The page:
Prospects for Australian emerging industries
Emerging industries play an important role in the Australian agricultural landscape, contributing to the national economy and helping meet changing global demand. This prospectus is...
Published: 22 Jun 2023
Author(s): Chengyuan (Stephen) Xu, Alan Niscioli
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Dragon fruit production started in Australia in the 1970s, first in Queensland and later in the Northern Territory, Western Australia and New South Wales. By 2012, 70% of production came from the Northern Territory and the industry had a production potential of 750 tonnes per year with a GVP of about $2.25 million. Due to the size and geographic spread of the industry, there has been no further national update.
There have been several changes to the industry in the last decade: demand for dragon fruit has increased, with the average price rising from $3/kg in 2010 to about $8/kg in 2020; production has largely moved from the Northern Territory to Queensland; and cheaper imports have affected the confidence of local growers. The expansion of the market and the higher average price indicates the Australian dragon fruit industry has great potential to grow, but challenges associated with the geographic shift in production and the potential impacts of imports need to be understood to guide coordinated action by the industry.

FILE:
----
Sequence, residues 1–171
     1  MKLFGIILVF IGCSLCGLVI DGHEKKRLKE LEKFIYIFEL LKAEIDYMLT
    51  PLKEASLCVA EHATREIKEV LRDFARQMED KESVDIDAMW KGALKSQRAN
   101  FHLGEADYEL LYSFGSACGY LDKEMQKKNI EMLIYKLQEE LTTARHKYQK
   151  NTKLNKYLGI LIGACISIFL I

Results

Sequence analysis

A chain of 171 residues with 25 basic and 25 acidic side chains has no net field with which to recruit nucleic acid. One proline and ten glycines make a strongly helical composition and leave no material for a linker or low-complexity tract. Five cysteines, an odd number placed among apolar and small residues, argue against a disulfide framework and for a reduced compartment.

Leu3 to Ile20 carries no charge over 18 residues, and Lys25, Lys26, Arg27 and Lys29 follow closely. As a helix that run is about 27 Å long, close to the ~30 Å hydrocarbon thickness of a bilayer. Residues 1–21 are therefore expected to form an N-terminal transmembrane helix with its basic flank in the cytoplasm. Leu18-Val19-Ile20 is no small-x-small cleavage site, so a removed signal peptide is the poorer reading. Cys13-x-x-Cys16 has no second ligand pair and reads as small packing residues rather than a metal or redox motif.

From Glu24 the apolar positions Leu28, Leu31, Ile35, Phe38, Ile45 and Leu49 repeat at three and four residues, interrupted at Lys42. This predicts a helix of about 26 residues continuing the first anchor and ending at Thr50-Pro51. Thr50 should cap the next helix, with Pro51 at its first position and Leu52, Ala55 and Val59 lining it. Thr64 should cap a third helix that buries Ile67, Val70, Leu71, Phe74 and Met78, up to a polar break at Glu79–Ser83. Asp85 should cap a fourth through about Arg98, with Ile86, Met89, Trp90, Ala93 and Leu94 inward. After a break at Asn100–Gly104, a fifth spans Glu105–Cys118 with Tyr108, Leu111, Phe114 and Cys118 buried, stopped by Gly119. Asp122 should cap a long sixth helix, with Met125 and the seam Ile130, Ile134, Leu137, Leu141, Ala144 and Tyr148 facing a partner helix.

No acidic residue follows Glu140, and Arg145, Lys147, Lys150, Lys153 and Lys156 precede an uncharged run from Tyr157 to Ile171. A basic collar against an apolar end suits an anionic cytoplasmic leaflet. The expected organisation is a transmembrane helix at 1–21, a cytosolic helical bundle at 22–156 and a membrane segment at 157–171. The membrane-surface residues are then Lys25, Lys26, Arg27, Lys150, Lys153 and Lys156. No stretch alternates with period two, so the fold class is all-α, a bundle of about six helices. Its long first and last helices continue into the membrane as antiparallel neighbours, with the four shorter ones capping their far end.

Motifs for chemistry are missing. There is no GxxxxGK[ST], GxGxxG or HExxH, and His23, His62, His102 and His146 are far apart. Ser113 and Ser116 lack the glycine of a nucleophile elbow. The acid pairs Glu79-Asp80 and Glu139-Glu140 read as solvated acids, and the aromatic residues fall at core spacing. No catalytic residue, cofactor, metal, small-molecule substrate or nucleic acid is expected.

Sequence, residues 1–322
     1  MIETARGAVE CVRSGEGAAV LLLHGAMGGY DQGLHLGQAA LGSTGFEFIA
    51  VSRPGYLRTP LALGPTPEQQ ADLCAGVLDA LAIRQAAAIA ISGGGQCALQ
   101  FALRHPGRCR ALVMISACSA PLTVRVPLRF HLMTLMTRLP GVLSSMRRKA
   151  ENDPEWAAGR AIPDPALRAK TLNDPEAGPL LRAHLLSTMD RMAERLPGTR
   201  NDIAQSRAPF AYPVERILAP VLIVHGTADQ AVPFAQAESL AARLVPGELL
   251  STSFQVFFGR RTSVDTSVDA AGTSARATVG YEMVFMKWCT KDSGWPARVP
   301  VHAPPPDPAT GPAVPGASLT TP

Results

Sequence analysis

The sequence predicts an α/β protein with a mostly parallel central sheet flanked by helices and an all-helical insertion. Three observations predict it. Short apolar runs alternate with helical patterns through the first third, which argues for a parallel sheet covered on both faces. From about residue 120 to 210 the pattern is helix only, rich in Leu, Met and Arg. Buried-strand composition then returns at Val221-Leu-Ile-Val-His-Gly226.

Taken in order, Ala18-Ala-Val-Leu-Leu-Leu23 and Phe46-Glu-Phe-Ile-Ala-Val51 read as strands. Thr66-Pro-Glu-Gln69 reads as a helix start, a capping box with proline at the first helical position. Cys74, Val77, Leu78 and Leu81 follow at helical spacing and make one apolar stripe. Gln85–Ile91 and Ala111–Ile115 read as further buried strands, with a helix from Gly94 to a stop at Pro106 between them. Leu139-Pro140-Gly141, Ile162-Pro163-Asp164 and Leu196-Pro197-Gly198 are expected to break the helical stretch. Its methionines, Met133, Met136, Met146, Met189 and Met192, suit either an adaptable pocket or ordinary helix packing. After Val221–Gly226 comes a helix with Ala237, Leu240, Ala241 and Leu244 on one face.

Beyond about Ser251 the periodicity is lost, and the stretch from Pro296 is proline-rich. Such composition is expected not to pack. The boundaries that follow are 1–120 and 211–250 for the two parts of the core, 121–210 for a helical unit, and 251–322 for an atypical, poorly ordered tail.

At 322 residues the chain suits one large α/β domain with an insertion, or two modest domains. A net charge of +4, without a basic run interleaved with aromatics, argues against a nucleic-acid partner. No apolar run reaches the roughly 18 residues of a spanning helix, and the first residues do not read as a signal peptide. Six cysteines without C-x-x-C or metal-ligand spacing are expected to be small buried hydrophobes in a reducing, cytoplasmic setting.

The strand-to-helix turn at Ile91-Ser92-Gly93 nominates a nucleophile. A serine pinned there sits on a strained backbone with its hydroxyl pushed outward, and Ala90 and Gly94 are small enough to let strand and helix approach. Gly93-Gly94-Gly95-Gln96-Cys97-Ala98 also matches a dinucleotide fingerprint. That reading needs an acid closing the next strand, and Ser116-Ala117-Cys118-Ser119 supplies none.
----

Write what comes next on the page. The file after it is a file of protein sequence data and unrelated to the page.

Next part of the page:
The primary aim of this project was to facilitate the establishment of an industry body. The Australian Dragon Fruit Growers Association (ADFGA), an incorporated association of dragon fruit growers, is now established and has enabled a national governance and communication network across the value chain. With the support of ADFGA, the project team undertook a stocktake to detail the status of the industry and the major concerns/interests of growers and stakeholders. The project facilitated engagement between the association and research organisations, and provided guidelines for dragon fruit production under Australian conditions.